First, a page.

Swiss Cheese D would not have received as much exposure if not for twitter. Twitter enables me to connect with a tremendous amount of NBA fans. Although it is unfortunate that I only have 140 characters to respond to questions, I can get around that by using my website to answer all of your genius questions. Welcome to the first Swiss Cheese D Q&A.
I recently wrote a column on why Derrick Rose is so important to the Knicks. A lot of the Knicks' success this season has been due to Rose's ability to penetrate and create for others. Although Rose is only 28 years old, there is no doubt that he is an injury prone player. Long-term I think it would be a good idea to either sign Rose to a short term deal (which is something his agent will oppose), or say goodbye.
Players like Shaun Livingston, Vince Carter and Grant Hill were able to reinvent their game after career threatening injuries. This was due to their ability to rely on their fundamentals over their athleticism. Were they ever the same all-star caliber players? No. But they were still good enough to be solid contributors to winning teams.
It's unclear whether or not Derrick Rose has that same ability to reinvent his basketball DNA. He is currently successful on the Knicks (when he's on the court) due to his sheer athletic ability: his ability to get into the chest of the defender and bully his way into the paint, opening up the game for others.
Once Rose loses whatever explosiveness he has left in the tank, will he be able to consistently hit open 3's? Will he be able to run a pick and roll properly with the scouting report stating that he can't get to the basket with the same burst of quickness he once had? These are questions that the Knicks need to factor in long-term.
Here are free agents that will be available in 2017 with unrealistic players crossed out:
Stephen Curry Chris Paul Kyle Lowry
- Jrue Holiday
- Rajon Rondo
- Jeff Teague
- Shaun Livingston
- George Hill
- Michael Carter-Williams
- Patty Mills
- Deron Williams
Long-term, there are no great options here, so this is a serious issue that Knicks management needs to assess. This is where a Melo trade would make the most sense, but that brings us to another tweet.
I have two fun statistics to help answer this question:
- Last season the Knicks were 0-10 when Carmelo Anthony was out.
- Last season Carmelo Anthony led the Knicks in points, rebounds and assists.
Any Melo hater would argue that Melo had those stats because the Knicks were a horrible team last season, making Melo nothing more than a stat stuffer. My retort is that if Melo never had a good supporting cast, then how could he have ever had a successful tenure with the Knicks?
Another fun statistic for anyone who says that Melo is a "ball hog":
- Kristaps Porzingis is averaging 1.3 assists per game this season.
- Carmelo Anthony is averaging 2.8 assists per game this season.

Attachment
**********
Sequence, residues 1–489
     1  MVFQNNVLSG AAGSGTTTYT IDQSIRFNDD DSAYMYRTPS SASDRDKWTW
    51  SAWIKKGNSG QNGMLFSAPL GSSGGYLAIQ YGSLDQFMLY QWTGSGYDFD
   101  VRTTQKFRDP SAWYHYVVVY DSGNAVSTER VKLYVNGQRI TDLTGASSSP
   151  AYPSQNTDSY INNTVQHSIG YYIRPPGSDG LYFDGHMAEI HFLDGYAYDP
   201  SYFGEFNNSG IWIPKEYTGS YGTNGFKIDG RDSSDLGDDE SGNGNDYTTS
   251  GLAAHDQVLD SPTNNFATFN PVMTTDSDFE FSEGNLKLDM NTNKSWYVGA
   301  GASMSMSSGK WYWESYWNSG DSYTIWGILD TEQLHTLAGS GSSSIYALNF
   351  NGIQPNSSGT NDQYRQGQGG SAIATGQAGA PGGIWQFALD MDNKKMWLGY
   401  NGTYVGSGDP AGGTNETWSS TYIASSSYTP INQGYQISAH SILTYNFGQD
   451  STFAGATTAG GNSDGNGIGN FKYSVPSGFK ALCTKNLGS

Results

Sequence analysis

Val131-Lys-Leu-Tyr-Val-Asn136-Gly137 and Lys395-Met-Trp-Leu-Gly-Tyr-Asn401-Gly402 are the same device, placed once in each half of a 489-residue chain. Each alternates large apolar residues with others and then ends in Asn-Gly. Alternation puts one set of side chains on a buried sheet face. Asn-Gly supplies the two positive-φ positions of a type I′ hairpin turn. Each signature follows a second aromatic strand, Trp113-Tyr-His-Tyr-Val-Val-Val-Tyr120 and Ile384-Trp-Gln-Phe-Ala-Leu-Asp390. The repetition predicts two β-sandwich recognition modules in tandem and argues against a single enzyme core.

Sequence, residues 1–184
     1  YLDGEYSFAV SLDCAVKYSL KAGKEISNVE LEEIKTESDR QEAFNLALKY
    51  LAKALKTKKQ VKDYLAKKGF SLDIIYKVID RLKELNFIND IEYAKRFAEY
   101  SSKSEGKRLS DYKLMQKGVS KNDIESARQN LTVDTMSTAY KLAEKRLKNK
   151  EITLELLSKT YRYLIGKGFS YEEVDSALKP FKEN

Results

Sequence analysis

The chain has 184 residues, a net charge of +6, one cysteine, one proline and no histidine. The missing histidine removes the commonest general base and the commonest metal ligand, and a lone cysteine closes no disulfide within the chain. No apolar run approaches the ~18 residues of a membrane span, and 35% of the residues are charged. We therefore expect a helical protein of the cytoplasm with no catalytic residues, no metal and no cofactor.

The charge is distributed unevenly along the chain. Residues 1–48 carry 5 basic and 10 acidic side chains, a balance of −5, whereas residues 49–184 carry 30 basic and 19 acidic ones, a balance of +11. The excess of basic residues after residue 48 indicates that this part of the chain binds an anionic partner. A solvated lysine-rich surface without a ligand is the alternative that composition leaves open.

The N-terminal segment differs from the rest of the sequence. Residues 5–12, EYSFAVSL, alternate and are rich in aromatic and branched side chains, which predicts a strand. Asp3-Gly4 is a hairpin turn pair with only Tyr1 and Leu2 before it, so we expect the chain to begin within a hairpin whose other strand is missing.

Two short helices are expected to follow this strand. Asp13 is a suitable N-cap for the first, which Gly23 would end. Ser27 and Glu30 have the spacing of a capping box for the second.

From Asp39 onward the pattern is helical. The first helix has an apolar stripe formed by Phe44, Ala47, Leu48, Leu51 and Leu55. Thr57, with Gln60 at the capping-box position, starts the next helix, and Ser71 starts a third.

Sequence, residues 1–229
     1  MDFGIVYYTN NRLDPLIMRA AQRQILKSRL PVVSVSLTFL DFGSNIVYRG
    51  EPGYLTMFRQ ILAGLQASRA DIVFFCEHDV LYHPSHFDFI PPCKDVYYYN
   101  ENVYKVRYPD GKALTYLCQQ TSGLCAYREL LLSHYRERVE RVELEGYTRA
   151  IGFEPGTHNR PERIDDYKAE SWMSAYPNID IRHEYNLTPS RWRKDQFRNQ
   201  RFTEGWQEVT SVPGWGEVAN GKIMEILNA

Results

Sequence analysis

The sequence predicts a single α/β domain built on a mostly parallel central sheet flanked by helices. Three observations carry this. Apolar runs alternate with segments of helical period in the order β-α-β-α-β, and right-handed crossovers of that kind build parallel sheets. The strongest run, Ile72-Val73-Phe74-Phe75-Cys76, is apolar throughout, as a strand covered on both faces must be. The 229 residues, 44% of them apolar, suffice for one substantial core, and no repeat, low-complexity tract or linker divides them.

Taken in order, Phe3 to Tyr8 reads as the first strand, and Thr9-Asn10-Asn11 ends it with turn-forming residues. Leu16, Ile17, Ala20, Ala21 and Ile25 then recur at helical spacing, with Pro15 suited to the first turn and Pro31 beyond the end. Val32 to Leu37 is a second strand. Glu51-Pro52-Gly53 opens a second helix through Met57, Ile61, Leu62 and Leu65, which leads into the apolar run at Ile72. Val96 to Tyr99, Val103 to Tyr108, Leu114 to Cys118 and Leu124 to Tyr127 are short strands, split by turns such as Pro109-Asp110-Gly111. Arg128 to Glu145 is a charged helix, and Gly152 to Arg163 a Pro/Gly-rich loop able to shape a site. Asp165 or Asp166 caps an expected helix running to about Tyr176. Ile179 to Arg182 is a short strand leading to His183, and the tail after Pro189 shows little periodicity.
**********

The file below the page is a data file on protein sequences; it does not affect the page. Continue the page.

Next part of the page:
If we're going to hate on Melo for being a "ball hog", then let's at least be consistent here, Knicks fans.
It is clear the future belongs to Porzingis and that Melo is on the wrong side of 30. However, Melo has a no trade clause and doesn't want to leave, so Knicks fans have no choice but to enjoy the Melo/KP partnership, and let the chemistry improve. The Knicks are without a doubt a better team with Carmelo Anthony.
Check out my last column on why Melo should remain the number one option over Porzingis if you're still not sold.
I saw Rockets vs. Golden State game in a double OT shootout, and it was some sloppy ball. They also broke the record for most three point attempts in an NBA game. It is worth noting that GSW shot 27% from 3 while Houston shot 31%, making it a very inefficient outing.
It is not surprising that the Rockets are shattering three ball statistics, having a Mike D'Antoni team combined with James Harden as the fire igniting D'Antoni's offense. No defense and a crap ton of threes is fun for the casual fan, but will it last in a slower half court offense style that the NBA playoffs command?
The Rockets are currently 21-7 and James Harden is putting up historical numbers, so they're obviously doing something right. The D'Antoni system is simple: have Harden penetrate and create for the shooters around him. It may not be appealing for an old school 90's fan, but if it's working, and the analytics back it up, we can complain all we want, but the Rockets will keep doing what works best for them.
In the playoffs, when the pace slows down and the Rockets defense is further exposed against a team like the Spurs or the Clippers, the gunslinging from behind the arc might now pan out the way it is right now.
Yes. Rose and Jennings both have one year left on their contract and have proven to be injury prone. Randle has played zero NBA games in his career, but is killing it in the D-League. I think it is fair to say that Ron Baker is not a premier NBA athlete. I'd rather have a guy with a higher ceiling on the Knicks' roster.